The Best Fighting Games On Nintendo Switch That Aren’t Smash Bros.

While the Nintendo Switch’s small JoyCons weren’t exactly made for those that appreciate fighting games, there’s no question that the system can hold its own in the arena. Get yourself a pair of Pro Controllers and set them up for the following recommended games and we assure you that you’ll have a great time getting into a brawling mood.

No, the list isn’t about Super Smash Bros. Ultimate. Obviously that’s a recommended favorite, but there are so many other fighting games that are worth checking out as well, as we’ve noted below.

So load up on a bigger memory card and get those fighting thumbs ready, because things are about to get rather competitive up in this piece.

Dragon Ball FighterZ (Bandai Namco)

After taking our breath away on other platforms, we figured it would just be a matter of time before Goku, Vegeta and the rest of the Dragon Ball Z gang would arrive on the Nintendo Switch in the form of FighterZ.

Produced by the team at Arc System Works, FighterZ looks like an anime universe brought to life. It brings several of the DBZ characters to the 2D fighting realm in the best way possible. You’ve got your combos, your super moves, your counters and, of course, those super-dramatic moves where a planet gets cut in half after you hurl someone into it.

Dragon Ball FIghterZ

What’s more, the game runs impressively on the Switch, whether in handheld mode or playing on the big-screen. The animation is truly impressive, and the speed of the game is second to none when it comes to dialing in the big hits. And the gameplay is as smooth as ever, offering something for both newcomers and veterans alike.

Even if you’re not really that heavily into anime, you owe it to yourself to check out FighterZ. It’s a brawler’s dream come true.

Mortal Kombat 11 (WB Games)

So there is one rather big hang-up that you’ll have to accept with Mortal Kombat 11 on the Nintendo Switch – this sucker takes up a lot of space. The game runs at around 15GB install with the physical version, via a day one patch. And if you go digital, it’ll crank up to around the 22GB range, maybe even higher.

Now, if you have a memory card that can sufficiently handle that kind of range, and you don’t mind waiting a while for the download to drop into place, then you’re in for a hell of a port. Mortal Kombat 11 actually feels quite good on the Nintendo Switch, particularly with the Pro Controller. That said, portable mode isn’t too shabby either, if it’s the only option you have on the table.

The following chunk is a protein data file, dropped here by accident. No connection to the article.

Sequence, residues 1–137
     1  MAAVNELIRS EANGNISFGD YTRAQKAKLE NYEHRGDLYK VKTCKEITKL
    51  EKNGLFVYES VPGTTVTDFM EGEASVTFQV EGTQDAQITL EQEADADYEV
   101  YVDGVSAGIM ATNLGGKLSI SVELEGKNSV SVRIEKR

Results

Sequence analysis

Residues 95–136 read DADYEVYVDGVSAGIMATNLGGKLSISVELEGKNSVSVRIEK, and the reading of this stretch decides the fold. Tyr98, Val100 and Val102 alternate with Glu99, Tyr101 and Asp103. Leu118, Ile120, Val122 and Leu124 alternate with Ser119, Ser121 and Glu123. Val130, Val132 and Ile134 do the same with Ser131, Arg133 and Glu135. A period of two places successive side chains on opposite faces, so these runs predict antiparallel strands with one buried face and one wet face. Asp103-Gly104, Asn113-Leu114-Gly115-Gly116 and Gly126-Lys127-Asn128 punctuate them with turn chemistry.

Now, visually, the game does pale in comparison to its Xbox One/PS4 brethren, but the devs still managed to get it running smoothly enough that most players don’t mind. What’s more, like Mortal Kombat II on the SNES, MK11 is brimming with all kinds of sweet carnage. That includes limbs flying off, bodies exploding and so, so much more. It’s all here, fans.

Along with a satisfying story mode, Mortal Kombat 11 also features a balanced Towers mode to test your might and multiplayer options for those that want to mix it up with others. Local versus is your best bet, but that’s a good deal anyway considering friends want to come over and punch your head off.

Even with its technical limitations, Mortal Kombat 11 holds its own – and more – on the Switch. Now if we can just get a port of Injustice 2

Street Fighter 30th Anniversary Collection (Capcom)

At one point in time, it looked like the best way to get Street Fighter action on the Nintendo Switch was to pick up a copy of Ultra Street Fighter II: The Final Challengers. And while that’s not a bad option to have, it doesn’t really do much for those looking for variety. Fortunately, the 30th Anniversary Collection easily picks up where the debut effort left off.

That’s because, for a mere $30, you get a pretty complete package of the Street Fighter saga, going from the original game that started it all in 1987 (before Street Fighter II four years later) to the awesome Street Fighter III: Third Strike, considered by many to be one of the best in the series. The ports of all these games are done incredibly well, and the fighting action feels as smooth as it ever has, right down to the counter moves and getting those occasional combos. Again, a Pro Controller is your best bet here, but it feels so nice.